And also I contact my closer colleagues and clinical collaborators – to see who has openings, who can take low fee clients, who might be willing to take on helping me reassign my clients in case I need to engage quickly in treatments that are incapacitating, and to see who could offer support to clients who need more consistency at this time than I can provide, or who will need support because of their concern and reliance upon me. And they rally and tell me they will be glad to support my caseload, or get them to support and they all use the word “temporarily” pointedly
And sweet notes from clients: who send love and encouragement and any kind of care they can offer. And many clients reassure me that they want to stay and that they can and will or feel they must wait, and will meet with me whenever I am available. And I encourage many of them to at least find supplemental support in some form over the next several weeks until we understand what is coming next.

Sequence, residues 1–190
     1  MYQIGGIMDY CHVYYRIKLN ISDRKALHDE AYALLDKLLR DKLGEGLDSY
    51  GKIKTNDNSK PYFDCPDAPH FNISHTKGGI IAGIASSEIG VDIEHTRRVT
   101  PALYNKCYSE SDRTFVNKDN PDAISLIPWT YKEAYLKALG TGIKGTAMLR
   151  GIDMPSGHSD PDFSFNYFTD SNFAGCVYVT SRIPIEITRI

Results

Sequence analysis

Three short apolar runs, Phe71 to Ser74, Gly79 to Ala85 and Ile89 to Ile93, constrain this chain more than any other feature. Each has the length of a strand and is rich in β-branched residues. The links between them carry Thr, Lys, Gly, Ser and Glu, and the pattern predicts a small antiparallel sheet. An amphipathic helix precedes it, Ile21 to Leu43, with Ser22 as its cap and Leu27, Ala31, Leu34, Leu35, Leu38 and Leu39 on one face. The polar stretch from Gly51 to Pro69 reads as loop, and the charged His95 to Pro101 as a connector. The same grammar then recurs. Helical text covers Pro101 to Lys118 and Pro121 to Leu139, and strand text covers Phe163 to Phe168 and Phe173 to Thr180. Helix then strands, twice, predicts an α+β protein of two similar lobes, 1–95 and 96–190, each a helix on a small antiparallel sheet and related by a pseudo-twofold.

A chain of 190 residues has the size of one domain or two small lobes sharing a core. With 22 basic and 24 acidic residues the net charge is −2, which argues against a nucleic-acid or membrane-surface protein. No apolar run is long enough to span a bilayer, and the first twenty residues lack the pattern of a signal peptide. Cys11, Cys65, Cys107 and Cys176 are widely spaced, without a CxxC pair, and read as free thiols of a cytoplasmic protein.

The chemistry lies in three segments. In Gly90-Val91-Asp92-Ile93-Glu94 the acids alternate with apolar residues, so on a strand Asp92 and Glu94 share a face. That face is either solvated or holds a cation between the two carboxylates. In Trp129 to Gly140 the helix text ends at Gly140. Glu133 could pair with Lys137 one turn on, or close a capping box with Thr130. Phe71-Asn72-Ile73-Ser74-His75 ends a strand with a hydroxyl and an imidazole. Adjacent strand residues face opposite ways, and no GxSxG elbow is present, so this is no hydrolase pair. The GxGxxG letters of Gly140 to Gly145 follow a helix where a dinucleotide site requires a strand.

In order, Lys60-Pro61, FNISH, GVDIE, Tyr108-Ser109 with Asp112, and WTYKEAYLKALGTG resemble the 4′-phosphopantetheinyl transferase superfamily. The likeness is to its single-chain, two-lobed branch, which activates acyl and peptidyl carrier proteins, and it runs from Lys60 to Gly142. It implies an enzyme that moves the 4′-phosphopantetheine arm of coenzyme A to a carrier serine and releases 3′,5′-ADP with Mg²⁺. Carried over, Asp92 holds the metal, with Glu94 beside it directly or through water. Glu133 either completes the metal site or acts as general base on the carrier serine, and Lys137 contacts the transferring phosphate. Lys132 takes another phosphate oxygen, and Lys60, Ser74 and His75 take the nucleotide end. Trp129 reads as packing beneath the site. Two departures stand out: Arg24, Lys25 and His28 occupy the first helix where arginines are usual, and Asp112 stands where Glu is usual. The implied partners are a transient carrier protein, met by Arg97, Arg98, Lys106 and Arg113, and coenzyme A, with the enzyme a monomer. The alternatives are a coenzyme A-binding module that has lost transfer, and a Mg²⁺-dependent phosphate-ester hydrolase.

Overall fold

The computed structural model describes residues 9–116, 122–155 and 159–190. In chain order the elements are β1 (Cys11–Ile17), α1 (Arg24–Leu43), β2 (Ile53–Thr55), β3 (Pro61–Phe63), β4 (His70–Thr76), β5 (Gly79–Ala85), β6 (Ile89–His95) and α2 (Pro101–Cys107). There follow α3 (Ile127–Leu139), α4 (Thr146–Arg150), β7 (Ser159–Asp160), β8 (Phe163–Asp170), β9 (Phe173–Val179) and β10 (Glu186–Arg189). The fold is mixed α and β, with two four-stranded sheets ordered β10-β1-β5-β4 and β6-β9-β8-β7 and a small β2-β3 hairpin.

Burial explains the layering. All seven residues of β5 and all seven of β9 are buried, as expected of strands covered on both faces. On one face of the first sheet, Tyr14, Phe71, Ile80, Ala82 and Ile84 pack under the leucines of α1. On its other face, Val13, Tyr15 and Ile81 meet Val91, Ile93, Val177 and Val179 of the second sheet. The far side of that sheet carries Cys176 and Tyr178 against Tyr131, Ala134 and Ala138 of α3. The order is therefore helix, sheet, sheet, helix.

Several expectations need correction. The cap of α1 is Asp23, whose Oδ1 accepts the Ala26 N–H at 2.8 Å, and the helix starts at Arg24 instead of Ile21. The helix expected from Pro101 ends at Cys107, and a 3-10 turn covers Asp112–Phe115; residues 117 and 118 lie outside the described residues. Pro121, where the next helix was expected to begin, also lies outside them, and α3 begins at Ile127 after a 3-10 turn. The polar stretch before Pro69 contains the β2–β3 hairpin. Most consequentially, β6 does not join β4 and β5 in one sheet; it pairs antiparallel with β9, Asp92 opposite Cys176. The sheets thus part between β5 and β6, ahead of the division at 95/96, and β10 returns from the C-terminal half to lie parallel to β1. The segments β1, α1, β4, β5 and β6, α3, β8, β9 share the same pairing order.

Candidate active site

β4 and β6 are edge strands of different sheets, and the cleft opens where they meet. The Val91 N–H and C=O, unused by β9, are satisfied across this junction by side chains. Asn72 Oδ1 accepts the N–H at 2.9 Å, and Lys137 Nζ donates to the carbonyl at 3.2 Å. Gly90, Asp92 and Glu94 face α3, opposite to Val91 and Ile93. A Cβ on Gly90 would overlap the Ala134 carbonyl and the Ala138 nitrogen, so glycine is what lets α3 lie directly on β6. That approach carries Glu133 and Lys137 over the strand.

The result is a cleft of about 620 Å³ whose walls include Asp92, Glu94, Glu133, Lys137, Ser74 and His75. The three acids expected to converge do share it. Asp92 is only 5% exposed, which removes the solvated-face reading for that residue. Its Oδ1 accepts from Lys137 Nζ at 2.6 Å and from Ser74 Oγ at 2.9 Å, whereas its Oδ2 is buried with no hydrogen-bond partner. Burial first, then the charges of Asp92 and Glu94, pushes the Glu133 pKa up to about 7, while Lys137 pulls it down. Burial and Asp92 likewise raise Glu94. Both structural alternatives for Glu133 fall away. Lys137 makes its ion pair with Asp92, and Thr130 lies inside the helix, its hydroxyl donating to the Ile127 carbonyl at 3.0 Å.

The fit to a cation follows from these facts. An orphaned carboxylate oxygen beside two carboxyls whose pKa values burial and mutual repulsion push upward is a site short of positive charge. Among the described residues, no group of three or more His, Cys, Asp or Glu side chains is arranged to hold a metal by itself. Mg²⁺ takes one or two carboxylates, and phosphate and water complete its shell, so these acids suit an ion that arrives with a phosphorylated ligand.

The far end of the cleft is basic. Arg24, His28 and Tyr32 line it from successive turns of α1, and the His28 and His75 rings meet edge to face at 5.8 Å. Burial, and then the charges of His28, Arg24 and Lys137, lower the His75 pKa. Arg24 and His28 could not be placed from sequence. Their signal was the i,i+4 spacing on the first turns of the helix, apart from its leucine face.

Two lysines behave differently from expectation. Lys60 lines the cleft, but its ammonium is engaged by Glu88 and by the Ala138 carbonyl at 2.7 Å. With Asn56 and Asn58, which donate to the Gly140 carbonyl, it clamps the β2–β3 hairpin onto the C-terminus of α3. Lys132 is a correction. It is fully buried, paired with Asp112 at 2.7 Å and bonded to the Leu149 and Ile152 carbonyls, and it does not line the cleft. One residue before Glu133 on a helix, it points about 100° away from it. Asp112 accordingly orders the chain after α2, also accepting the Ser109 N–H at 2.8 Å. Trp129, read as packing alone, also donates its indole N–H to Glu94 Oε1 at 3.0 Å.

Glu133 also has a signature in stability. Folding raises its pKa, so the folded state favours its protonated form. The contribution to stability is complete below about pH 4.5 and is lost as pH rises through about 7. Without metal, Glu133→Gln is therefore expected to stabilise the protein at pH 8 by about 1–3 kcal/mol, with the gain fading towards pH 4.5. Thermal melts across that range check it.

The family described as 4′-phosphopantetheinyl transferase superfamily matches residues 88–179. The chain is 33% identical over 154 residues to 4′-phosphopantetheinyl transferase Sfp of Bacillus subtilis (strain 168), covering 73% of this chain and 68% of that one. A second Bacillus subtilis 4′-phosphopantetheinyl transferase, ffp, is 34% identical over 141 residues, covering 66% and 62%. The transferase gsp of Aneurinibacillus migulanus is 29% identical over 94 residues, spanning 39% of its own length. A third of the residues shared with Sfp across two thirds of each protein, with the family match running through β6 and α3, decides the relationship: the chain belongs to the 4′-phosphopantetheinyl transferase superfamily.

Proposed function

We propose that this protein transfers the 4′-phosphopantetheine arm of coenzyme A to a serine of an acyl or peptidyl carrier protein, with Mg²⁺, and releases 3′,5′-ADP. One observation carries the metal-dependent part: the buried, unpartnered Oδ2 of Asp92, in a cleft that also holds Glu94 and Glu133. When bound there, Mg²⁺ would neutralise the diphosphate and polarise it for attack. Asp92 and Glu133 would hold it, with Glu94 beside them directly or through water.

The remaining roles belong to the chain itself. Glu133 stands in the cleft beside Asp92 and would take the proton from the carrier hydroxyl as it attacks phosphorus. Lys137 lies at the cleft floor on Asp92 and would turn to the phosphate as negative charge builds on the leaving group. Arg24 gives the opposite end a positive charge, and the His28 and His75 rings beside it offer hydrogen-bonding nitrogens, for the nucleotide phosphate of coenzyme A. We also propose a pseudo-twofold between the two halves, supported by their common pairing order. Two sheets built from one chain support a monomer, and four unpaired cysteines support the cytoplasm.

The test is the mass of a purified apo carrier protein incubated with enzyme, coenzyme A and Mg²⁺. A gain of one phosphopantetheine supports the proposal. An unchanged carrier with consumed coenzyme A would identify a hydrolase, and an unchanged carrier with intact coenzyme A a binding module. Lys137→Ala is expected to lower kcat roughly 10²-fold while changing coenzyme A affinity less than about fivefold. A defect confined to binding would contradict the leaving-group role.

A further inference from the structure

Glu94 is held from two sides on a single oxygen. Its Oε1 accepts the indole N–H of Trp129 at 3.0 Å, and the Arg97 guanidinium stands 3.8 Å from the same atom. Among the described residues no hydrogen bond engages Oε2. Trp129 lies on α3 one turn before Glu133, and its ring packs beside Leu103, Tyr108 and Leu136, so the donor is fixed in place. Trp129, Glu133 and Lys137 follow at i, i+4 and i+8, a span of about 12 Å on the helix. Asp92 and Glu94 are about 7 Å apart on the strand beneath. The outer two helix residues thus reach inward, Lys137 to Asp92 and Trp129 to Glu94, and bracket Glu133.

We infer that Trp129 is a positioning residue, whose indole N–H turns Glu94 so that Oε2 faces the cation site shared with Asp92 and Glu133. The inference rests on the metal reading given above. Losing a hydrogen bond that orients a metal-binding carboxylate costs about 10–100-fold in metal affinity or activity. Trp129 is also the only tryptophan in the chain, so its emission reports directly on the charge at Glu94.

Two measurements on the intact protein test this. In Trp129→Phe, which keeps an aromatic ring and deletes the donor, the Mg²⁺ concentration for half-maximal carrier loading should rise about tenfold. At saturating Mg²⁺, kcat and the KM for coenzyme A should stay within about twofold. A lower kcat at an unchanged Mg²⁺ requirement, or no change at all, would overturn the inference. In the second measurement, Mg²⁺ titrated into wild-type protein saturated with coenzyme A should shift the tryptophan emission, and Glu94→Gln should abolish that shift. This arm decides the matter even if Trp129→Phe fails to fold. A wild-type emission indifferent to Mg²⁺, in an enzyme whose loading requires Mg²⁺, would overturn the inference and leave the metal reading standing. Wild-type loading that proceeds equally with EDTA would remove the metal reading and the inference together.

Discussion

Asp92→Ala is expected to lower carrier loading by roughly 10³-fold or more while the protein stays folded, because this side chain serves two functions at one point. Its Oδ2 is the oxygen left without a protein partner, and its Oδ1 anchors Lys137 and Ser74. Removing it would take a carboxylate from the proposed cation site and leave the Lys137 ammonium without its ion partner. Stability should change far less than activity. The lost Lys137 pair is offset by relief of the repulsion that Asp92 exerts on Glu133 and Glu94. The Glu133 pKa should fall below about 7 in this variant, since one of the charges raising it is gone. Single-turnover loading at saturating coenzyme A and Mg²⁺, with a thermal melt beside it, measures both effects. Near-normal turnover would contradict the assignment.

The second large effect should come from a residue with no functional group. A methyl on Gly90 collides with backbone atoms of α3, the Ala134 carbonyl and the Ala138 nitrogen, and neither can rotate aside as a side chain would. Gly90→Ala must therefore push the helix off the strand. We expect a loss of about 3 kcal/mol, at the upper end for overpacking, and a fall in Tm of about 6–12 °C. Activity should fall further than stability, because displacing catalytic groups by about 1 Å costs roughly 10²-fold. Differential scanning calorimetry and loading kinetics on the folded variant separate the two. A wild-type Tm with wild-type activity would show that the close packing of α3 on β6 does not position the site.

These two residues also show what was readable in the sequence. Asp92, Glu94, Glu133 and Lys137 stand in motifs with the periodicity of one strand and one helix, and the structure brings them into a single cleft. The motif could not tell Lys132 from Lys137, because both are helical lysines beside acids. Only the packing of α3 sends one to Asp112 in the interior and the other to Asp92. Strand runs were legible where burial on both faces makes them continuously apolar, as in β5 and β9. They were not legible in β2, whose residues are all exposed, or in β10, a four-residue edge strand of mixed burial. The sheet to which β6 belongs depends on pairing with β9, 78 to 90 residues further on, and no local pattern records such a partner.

When you take up this profession: you must remain always cognizant of the position that you hold in your self created community. This is an ethical requirement. This is one of those values and priorities that get you through dark times: Do the right thing
When I face out into the world I feel prepared and intact.
When I face my children, who watched their every-day grandmother die in front of them, who watched Ellie, their beloved auntie die away – who lost half of their primary caretaking team over six ferocious months – I am brave for them – but inside I panic and tremble. The thought of compounding their losses is intolerable. I am now a source of terror and trauma. They don’t know anything about cancer except that two rare cancers have killed two of the most important people in their universe.